Ukraine: Preparing to hand over HIV/AIDS work
However, only about 76,000 of them have been diagnosed with HIV or are aware of their status. Ukraine continues to have one of the fastest growing rates of HIV/AIDS in Europe. In response, during 2004 and the first half of 2005, MSF has been caring for people living with the virus in the southern part of the country.
In the cities of Odessa and Mikolaev, during 2004, MSF provided medicine to 341 HIV-positive pregnant women to help prevent transmission of the virus during pregnancy or delivery. MSF also gave life-extending antiretroviral (ARV) treatment to 120 adults and 30 children and provided laboratory diagnostic support. MSF staff cared for more than 300 patients in the hospital, and more than 1,000 patients who needed outpatient treatment for HIV-related infections.
The team also conducted treatment-adherence and psychosocial-support sessions for all of the project's patients and many others living with HIV in the area. In addition, MSF collaborated with the country's health ministry to train almost 1,500 health care staff on topics related to HIV.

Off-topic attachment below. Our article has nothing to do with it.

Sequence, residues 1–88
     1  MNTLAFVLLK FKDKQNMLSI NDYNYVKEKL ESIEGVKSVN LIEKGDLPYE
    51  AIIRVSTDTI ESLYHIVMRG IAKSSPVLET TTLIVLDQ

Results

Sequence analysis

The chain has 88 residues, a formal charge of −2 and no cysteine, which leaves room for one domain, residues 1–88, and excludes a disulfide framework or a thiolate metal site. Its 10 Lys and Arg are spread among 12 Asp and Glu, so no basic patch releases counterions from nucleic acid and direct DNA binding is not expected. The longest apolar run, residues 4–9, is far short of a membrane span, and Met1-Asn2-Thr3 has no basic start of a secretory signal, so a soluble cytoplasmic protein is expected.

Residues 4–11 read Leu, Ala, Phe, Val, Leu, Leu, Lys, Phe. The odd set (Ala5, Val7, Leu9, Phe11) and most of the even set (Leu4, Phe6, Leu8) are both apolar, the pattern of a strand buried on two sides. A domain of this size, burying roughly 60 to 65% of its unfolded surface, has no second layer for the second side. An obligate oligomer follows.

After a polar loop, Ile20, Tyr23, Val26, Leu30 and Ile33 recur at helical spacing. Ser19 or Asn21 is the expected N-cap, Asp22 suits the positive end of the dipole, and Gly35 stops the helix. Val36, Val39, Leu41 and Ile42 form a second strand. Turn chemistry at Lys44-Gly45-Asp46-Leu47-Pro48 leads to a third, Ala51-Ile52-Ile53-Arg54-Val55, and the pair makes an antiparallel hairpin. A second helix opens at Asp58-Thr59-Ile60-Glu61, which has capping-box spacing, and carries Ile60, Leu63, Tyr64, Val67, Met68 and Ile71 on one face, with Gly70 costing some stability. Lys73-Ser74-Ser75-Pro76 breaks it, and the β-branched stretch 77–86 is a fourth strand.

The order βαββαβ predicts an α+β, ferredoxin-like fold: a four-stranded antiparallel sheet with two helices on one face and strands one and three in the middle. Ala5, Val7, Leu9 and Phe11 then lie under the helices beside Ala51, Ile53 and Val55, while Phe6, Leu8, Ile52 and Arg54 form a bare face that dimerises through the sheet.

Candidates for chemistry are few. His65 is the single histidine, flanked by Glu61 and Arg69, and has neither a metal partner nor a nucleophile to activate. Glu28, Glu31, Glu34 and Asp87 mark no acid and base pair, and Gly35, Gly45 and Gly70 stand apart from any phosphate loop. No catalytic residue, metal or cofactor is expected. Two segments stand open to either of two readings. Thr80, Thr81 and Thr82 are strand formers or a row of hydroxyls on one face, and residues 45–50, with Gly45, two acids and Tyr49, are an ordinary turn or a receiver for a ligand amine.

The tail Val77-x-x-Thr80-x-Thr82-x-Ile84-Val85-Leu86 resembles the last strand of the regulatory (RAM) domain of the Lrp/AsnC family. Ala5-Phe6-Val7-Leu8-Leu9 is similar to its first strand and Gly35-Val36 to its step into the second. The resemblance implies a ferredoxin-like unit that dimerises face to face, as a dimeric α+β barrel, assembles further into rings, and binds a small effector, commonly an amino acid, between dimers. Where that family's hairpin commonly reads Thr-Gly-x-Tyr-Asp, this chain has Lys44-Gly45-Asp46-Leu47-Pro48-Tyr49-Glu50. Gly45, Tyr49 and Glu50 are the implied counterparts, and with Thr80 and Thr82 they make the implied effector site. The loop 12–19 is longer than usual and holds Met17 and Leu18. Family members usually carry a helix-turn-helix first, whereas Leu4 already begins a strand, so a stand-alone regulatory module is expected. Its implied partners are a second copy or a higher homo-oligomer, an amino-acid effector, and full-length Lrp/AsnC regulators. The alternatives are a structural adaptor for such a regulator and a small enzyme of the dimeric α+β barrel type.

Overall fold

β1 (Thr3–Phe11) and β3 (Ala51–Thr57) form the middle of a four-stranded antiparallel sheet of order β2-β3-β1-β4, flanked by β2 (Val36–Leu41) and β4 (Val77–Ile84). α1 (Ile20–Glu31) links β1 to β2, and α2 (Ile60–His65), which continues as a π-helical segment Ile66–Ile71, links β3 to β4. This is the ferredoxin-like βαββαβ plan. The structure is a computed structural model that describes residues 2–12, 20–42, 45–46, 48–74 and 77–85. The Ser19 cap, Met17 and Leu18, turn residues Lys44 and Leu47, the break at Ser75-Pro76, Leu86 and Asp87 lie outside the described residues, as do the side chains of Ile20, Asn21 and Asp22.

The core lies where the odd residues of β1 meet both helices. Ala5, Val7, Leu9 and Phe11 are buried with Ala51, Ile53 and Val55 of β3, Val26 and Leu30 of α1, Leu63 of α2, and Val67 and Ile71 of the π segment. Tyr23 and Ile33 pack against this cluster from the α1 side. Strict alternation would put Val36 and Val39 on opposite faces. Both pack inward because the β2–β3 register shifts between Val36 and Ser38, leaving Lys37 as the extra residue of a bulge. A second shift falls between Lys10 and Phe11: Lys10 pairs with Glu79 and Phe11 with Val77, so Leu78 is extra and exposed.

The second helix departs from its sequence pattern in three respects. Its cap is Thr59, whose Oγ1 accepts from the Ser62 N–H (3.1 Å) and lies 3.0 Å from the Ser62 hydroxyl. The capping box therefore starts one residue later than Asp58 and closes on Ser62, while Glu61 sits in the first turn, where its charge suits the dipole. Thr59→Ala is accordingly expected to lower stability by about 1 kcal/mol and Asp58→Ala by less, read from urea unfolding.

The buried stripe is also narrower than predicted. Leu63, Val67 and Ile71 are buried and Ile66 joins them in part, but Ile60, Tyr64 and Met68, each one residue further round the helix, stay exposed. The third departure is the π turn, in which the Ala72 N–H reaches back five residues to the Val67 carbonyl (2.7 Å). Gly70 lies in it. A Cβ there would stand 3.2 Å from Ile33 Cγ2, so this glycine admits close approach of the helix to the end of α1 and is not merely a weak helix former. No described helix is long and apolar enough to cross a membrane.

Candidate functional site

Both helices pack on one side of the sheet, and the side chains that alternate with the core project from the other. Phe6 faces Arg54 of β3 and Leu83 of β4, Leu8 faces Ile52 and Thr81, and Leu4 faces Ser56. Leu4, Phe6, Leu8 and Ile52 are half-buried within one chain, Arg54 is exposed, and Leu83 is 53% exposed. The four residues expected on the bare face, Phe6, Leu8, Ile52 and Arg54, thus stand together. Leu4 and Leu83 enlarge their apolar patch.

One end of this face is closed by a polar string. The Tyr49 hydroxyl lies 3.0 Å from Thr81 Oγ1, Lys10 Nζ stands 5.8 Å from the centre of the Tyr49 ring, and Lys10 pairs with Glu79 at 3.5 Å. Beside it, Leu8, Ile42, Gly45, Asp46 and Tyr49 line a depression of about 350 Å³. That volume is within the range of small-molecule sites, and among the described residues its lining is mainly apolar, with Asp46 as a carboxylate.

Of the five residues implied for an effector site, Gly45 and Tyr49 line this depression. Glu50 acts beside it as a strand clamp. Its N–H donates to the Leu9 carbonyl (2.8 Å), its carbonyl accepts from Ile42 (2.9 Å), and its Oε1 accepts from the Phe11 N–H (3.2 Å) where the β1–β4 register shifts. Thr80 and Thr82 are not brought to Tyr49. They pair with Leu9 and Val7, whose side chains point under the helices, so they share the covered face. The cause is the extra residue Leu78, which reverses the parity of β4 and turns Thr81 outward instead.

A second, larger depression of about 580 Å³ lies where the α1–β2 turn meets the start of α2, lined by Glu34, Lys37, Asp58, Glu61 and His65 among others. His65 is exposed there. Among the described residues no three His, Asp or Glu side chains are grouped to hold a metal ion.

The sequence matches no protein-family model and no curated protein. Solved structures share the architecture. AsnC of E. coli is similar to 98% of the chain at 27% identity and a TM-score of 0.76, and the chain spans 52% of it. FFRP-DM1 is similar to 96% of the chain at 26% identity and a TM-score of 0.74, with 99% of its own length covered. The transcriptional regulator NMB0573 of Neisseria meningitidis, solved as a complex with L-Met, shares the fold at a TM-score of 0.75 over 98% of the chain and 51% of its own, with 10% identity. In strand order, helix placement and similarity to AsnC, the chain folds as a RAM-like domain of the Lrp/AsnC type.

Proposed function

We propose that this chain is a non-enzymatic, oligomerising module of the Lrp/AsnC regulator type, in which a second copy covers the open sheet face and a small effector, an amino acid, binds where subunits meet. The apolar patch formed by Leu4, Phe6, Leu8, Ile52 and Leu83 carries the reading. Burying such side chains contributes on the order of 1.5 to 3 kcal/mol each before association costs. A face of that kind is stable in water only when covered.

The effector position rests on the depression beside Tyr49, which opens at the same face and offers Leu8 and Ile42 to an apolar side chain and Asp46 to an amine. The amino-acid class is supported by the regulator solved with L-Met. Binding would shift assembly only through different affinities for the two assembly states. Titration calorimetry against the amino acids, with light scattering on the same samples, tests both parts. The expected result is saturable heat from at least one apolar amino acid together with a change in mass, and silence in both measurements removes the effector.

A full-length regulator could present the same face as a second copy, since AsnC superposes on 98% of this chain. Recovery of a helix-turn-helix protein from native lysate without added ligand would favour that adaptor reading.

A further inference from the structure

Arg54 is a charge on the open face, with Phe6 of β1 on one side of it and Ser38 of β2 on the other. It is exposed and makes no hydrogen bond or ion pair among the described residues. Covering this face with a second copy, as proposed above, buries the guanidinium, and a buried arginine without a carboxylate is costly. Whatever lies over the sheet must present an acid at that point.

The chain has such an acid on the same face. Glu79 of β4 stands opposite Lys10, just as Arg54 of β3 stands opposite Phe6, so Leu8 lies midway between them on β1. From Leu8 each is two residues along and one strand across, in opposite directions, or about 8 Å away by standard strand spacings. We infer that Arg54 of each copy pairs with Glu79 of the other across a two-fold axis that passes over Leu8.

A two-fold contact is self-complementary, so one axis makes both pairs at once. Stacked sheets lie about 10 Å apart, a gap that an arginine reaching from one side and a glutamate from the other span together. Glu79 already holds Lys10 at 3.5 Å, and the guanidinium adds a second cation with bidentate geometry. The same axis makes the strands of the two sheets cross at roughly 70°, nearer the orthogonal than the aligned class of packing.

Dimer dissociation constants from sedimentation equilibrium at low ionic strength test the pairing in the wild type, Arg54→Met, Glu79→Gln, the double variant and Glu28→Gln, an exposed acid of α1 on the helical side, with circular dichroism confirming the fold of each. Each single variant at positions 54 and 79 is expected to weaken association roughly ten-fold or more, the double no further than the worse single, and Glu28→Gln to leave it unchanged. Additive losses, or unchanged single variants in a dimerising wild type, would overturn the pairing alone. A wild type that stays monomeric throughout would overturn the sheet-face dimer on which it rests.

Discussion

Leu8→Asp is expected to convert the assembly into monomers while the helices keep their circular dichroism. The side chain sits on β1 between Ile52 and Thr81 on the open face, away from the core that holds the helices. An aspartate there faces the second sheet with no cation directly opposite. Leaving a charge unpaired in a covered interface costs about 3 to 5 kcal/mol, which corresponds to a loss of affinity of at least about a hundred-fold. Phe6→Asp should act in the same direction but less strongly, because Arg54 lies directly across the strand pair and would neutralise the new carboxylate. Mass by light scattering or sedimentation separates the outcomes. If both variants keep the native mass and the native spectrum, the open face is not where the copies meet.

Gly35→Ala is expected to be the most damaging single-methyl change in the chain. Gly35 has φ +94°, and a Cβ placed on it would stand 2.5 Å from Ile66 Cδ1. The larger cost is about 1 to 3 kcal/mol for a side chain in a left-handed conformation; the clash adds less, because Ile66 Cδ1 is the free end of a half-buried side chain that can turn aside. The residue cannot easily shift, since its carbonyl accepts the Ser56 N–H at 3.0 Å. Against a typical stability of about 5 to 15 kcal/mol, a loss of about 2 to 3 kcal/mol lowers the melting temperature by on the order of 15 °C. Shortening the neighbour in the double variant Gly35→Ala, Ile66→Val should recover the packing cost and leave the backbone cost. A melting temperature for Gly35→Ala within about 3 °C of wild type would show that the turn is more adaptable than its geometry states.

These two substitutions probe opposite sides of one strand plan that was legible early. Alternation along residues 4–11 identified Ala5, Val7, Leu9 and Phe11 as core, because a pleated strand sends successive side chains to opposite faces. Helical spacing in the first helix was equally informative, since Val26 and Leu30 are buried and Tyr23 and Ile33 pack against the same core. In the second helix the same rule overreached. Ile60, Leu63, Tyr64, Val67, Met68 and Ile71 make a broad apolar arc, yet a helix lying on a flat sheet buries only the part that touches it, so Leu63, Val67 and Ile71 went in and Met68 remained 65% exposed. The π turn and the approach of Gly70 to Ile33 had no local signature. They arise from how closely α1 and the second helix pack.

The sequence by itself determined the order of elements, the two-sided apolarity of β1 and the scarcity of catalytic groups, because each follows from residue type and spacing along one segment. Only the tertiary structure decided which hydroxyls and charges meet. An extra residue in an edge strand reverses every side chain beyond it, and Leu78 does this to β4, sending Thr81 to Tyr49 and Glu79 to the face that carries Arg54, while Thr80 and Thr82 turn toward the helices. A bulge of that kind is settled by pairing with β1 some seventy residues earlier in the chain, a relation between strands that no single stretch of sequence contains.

MSF supports the use of ARV treatment in Ukraine and advocated for the government to accelerate access to it. The team participated in a national campaign aimed at raising awareness about the disease, empowering those who live with it and reducing the stigma surrounding it.
In late 2004, MSF began preparations to transfer its projects to the ministry of health and other nongovernmental organizations after achieving the program's objectives - demonstrating a model of care for HIV-positive people in Ukraine - and seeing evidence of increased national capacity, funding support and political commitment. MSF plans to withdraw from Ukraine by the end of 2005.
MSF has worked in Ukraine since 1999.
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